Disentangling the processes driving plant assemblages in mountain grasslands across spatial scales and environmental gradients

Details

Ressource 1Download: Scherrer_etal2018_JE_inj-press.pdf (1049.23 [Ko])
State: Public
Version: Author's accepted manuscript
License: Not specified
Serval ID
serval:BIB_ED921CCF992F
Type
Article: article from journal or magazin.
Collection
Publications
Title
Disentangling the processes driving plant assemblages in mountain grasslands across spatial scales and environmental gradients
Journal
Journal of Ecology
Author(s)
Scherrer D., Mod H., Pottier J., Dubuis A., Pellissier L., Vittoz P., Götzenberger L., Zobel M., Guisan A.
ISSN
1365-2745
ISSN-L
0022-0477
Publication state
Published
Issued date
2019
Peer-reviewed
Oui
Volume
107
Number
1
Pages
265-278
Language
english
Abstract
1. Habitat filtering and limiting similarity are well-documented ecological assembly processes that hierarchically filter species across spatial scales, from a regional pool to local assemblages. However, information on the effects of fine-scale spatial partitioning of species, working as an additional mechanism of coexistence, on community patterns, is much scarcer.
2. In this study, we quantified the importance of fine-scale spatial partitioning, relative to habitat filtering and limiting similarity, in structuring grassland communities in the western Swiss Alps. To do so, 298 vegetation plots (2 m × 2 m ) each with five nested subplots (20 cm × 20 cm) were used for trait based assembly tests (i.e. comparisons with several alternative null expectations), examining the observed plot and subplot level α-diversity (indicating habitat filtering and limiting similarity) and the between-subplot β-diversity of traits (indicating fine-scale spatial partitioning). We further assessed variations in the detected signatures of these assembly processes along a set of environmental gradients.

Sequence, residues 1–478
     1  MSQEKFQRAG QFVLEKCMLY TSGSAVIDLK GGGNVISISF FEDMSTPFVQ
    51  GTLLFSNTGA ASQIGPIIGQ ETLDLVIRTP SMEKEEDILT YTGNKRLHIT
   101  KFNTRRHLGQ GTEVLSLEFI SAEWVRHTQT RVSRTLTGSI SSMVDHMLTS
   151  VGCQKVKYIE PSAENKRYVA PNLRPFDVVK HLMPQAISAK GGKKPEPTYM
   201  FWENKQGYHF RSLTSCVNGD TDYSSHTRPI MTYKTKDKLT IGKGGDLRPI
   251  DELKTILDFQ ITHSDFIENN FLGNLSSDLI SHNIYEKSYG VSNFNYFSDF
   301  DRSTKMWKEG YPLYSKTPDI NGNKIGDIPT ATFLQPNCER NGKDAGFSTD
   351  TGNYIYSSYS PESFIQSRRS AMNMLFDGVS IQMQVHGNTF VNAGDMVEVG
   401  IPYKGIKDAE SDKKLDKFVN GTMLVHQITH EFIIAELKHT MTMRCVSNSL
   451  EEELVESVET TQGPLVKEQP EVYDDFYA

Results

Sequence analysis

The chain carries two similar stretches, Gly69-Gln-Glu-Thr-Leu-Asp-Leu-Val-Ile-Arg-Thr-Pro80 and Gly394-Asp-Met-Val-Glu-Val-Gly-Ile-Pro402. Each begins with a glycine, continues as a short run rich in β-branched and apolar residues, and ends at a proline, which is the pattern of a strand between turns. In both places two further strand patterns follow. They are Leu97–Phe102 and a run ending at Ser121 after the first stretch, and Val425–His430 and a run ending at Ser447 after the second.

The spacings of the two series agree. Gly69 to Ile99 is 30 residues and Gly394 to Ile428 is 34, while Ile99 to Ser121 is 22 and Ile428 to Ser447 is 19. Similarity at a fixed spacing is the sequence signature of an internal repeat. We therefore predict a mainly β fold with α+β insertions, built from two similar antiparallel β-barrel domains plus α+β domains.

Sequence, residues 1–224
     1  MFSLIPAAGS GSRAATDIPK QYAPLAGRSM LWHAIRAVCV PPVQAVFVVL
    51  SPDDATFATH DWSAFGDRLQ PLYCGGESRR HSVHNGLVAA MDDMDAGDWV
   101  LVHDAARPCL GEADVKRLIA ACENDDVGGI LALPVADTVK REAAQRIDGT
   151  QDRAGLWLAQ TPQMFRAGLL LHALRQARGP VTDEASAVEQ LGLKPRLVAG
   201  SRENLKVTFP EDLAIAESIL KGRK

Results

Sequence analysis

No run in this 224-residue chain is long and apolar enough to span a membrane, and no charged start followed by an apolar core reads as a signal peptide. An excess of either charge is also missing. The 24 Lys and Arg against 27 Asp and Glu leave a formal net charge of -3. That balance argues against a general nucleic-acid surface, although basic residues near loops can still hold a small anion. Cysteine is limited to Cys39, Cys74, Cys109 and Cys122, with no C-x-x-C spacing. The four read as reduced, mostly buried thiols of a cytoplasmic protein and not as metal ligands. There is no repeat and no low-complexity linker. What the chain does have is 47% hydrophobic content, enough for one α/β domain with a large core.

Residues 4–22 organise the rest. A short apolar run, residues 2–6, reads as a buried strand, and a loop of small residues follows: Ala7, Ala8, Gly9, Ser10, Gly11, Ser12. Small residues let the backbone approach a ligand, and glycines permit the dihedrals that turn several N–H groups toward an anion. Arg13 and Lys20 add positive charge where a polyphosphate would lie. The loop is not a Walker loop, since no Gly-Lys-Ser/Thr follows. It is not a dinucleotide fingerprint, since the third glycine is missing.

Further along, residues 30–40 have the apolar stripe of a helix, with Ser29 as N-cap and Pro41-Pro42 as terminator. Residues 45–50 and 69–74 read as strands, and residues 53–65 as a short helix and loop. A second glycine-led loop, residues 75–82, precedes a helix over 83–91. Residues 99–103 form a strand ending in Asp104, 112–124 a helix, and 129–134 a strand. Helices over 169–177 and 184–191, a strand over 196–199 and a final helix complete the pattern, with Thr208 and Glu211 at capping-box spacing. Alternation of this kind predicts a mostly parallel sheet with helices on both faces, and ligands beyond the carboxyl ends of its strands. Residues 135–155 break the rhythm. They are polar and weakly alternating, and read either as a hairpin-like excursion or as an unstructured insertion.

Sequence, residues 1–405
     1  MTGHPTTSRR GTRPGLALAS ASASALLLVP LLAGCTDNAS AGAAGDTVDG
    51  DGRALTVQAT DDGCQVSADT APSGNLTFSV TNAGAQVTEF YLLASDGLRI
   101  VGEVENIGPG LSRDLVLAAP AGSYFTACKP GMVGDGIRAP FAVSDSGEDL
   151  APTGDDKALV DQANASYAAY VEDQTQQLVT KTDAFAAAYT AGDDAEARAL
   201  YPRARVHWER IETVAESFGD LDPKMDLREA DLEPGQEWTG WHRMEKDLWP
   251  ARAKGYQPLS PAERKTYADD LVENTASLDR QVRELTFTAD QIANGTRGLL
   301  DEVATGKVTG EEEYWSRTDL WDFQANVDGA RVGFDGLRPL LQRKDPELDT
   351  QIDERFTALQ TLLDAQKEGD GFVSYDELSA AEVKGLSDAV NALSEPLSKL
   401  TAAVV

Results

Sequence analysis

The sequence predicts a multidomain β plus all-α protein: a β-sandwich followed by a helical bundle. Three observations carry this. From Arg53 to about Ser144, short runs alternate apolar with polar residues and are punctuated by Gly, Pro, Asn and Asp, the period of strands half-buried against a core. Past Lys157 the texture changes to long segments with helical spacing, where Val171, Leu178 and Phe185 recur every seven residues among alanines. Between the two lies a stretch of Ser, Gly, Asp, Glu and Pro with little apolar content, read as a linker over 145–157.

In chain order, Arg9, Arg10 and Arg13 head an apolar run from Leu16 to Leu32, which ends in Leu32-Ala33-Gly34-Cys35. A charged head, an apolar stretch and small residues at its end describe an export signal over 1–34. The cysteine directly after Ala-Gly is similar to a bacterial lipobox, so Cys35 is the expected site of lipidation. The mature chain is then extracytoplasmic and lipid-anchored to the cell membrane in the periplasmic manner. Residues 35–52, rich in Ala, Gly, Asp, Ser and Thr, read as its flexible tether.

3. We found habitat filtering to be the dominating assembly process at the plot level with diminished effect at the subplot level, while limiting similarity prevailed at the subplot level with weaker average effect at the plot level. Plot-level limiting similarity was positively correlated with fine-scale partitioning suggesting that the trait divergence may result from a combination of competitive exclusion between functionally similar species and environmental micro-heterogeneities. Overall, signatures of assembly processes only marginally changed along environmental gradients but the observed trends were more prominent at the plot than at the subplot scale.
Synthesis: Our study emphasises the importance of considering multiple assembly processes and traits simultaneously across spatial scales and environmental gradients to understand the complex drivers of plant community composition.

Keywords
community assembly, environmental gradient, habitat filtering, limiting similarity, niche differentiation, spatial partitioning, trait convergence, trait divergence
Web of science
Create date
29/06/2018 17:42
Last modification date
20/08/2019 17:15
Usage data